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ISPs Removing Their Customers' Email Encryption

Submitted by: Hologram @ 11:55 PM | Tuesday, November 11, 2014 | (url: https://www.eff.o...)

Recently, Verizon was caught tampering with its customer's web requests to inject a tracking super-cookie. Another network-tampering threat to user safety has come to light from other providers: email encryption downgrade attacks. In recent months, researchers have reported ISPs in the US and Thailand intercepting their customers' data to strip a security flagcalled STARTTLSfrom email traffic. The STARTTLS flag is an essential security and privacy protection used by an email server to request encryption when talking to another server or client.1

By stripping out this flag, these ISPs prevent the email servers from successfully encrypting their conversation, and by default the servers will proceed to send email unencrypted. Some firewalls, including Cisco's PIX/ASA firewall do this in order to monitor for spam originating from within their network and prevent it from being sent. Unfortunately, this causes collateral damage: the sending server will proceed to transmit plaintext email over the public Internet, where it is subject to eavesdropping and interception.

This type of STARTTLS stripping attack has mostly gone unnoticed because it tends to be applied to residential networks, where it is uncommon to run an email server2. STARTTLS was also relatively uncommon until late 2013, when EFF started rating companies on whether they used it. Since then, many of the biggest email providers implemented STARTTLS to protect their customers. We continue to strongly encourage all providers to implement STARTTLS for both outbound and inbound email. Google's Safer email transparency report and starttls.info are good resources for checking whether a particular provider does.


RIAA Looking to Pin Piracy Surcharges on ISPs

Submitted by: Dark Volcanic @ 09:21 AM | Thursday, March 13, 2008 | (url: http://www.wired....)

"Having failed to stop piracy by suing internet users, the music industry is for the first time seriously considering a file sharing surcharge that internet service providers would collect from users.

In recent months, some of the major labels have warmed to a pitch by Jim Griffin, one of the idea's chief proponents, to seek an extra fee on broadband connections and to use the money to compensate rights holders for music that's shared online. Griffin, who consults on digital strategy for three of the four majors, will argue his case at what promises to be a heated discussion Friday at South by Southwest.

"It's monetizing the anarchy," says Peter Jenner, head of the International Music Manager's Forum, who plans to join Griffin on the panel."


UK ISPs to become Piracy Police

Submitted by: Zengei @ 12:49 PM | Friday, February 22, 2008 | (url: http://news.bbc.c...)

By 2009 ISPs in the UK may be forced to actively restrict piracy on their networks or face sanctions. Of course this move is lauded by the record industry.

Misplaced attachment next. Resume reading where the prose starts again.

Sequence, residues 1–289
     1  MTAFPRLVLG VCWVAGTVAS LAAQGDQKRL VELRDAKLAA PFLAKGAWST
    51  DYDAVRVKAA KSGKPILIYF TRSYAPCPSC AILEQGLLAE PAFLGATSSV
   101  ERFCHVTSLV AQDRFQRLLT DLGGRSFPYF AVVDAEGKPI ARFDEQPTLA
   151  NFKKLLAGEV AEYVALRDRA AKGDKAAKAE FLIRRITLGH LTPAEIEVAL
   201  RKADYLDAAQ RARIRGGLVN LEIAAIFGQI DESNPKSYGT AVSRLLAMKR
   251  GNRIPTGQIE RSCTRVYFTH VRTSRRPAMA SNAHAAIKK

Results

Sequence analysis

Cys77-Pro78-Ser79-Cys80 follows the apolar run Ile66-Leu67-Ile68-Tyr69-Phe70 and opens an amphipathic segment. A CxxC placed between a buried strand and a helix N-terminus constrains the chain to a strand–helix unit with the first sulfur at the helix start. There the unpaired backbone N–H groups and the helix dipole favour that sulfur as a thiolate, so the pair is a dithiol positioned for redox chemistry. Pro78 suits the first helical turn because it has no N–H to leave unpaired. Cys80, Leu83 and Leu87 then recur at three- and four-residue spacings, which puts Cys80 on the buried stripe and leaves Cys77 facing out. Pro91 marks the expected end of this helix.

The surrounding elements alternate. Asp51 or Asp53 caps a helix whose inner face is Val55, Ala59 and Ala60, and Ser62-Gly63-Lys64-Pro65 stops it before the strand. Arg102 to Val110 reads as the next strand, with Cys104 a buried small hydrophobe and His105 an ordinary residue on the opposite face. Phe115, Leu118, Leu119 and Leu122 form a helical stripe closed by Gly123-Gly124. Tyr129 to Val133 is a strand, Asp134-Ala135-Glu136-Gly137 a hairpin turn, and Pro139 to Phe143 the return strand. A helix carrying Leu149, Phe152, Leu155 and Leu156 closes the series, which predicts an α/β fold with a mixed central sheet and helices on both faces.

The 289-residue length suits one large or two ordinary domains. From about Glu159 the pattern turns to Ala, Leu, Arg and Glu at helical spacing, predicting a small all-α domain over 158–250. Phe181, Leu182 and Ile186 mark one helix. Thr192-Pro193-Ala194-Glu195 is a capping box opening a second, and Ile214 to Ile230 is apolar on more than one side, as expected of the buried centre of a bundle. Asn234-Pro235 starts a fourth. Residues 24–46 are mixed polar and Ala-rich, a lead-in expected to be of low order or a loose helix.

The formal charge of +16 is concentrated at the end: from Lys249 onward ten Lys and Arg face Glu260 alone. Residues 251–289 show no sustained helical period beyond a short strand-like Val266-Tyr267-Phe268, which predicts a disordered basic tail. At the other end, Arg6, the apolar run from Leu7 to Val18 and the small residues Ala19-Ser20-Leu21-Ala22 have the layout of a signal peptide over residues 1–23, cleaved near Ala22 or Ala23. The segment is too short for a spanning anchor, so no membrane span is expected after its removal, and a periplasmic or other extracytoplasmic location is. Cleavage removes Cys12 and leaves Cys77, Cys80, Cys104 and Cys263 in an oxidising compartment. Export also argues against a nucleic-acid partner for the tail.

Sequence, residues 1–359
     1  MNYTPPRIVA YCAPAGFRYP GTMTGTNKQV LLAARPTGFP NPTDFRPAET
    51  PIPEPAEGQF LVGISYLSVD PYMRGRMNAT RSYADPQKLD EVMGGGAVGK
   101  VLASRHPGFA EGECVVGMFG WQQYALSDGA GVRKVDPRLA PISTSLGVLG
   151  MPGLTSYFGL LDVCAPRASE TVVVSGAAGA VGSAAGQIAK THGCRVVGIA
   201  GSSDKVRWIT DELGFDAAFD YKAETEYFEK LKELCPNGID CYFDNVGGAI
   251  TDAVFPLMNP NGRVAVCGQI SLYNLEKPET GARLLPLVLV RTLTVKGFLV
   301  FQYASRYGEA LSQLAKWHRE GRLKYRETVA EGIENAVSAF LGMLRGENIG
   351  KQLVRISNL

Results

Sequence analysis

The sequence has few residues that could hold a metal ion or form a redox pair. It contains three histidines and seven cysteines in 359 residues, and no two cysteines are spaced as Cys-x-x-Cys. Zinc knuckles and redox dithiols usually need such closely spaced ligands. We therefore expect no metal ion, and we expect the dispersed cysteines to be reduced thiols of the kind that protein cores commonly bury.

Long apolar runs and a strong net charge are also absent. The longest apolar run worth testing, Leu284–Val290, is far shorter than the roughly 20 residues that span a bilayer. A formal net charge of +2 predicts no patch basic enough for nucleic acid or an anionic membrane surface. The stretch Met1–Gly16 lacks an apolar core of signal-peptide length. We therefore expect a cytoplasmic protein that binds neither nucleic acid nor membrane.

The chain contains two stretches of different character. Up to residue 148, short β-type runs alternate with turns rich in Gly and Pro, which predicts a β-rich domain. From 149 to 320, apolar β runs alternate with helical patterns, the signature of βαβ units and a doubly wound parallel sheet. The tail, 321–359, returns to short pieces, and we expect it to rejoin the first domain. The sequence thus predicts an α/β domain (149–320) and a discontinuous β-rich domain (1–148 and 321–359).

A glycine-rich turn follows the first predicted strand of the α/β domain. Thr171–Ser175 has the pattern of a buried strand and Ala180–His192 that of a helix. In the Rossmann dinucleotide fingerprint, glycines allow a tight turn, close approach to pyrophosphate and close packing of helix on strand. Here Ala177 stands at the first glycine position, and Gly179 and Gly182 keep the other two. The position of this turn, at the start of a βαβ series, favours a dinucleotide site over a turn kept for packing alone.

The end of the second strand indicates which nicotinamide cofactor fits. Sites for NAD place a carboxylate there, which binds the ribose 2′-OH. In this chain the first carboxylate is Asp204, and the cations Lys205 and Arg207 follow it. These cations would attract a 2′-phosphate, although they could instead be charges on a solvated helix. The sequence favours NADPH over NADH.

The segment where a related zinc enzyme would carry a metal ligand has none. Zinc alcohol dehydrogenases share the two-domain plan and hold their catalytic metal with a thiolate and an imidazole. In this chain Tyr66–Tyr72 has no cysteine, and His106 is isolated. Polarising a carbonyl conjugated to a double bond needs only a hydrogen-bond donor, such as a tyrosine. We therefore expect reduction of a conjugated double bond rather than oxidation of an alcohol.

Category: Technology | 3 Comments
Tags: ifpi isp piracy uk

Australia Persistent on Internet Filtering

Submitted by: Zengei @ 10:30 AM | Wednesday, February 20, 2008 | (url: http://www.dslrep...)

The Australian government spent AU$89M on porn filters for Internet users, but the program was an abysmal failure. Of the estimated 2.5 million homes expected to use the software, only 29,000 were actually in use. However, the government is now pushing ISP filtering for the children. In an article from Techdirt on the subject, a politician is quoted as equating resistance to mandatory censorship as supporting child pornography.


ISPs Allowing Ad Companies to Inspect Your Packets

Submitted by: Zengei @ 10:07 PM | Monday, February 18, 2008 | (url: http://www.dslrep...)

Two companies, NebuAD in the US and Phorm in the UK are doing deep packet inspections of ISP user traffic in order to create targeted advertisements. Both companies promise privacy and offer opt-out mechanisms, but users are wary. NebuAD doesn't list the ISPs its working with but Phorm is working with BT, Carphone Warehouse and Virgin Media, which combined account for two-thirds of broadband users in the UK.


Canadian ISP test content injection for websites

Submitted by: KnightMare @ 09:41 AM | Tuesday, December 11, 2007 | (url: http://arstechnic...)

Lauren Weinstein, the co-founder of a net neutrality advocacy group called People for Internet Responsibility (PFIR), has published an example of one of the notices that Rogers has begun embedding in web pages. The notice informs users when they are close to reaching their monthly bandwidth cap. According to Weinstein, Rogers is using software created by in-browser marketing firm PerfTech, which can easily be used for more odious endeavors. Rogers uses the software to modify web pages as they are being transmitted, adding JavaScript code that causes the notice to display.

Category: Technology | 7 Comments
Tags: isp rogers

DirecTV to offer broadband over power lines this year

Submitted by: KnightMare @ 01:02 PM | Wednesday, August 15, 2007 | (url: http://www.market...)

DirecTV,the El Segundo, Calif., provider of digital-television services, and Current Group are expected to announce an accord to offer high-speed Internet service over electric-power lines, The Wall Street Journal reported. Closely held Current Group, Germantown, Md., is a specialist in the technology, which delivers broadband communications over power lines. To access the service, a customer plugs a modem into an electric outlet and connects a cable from a computer, the Journal reported.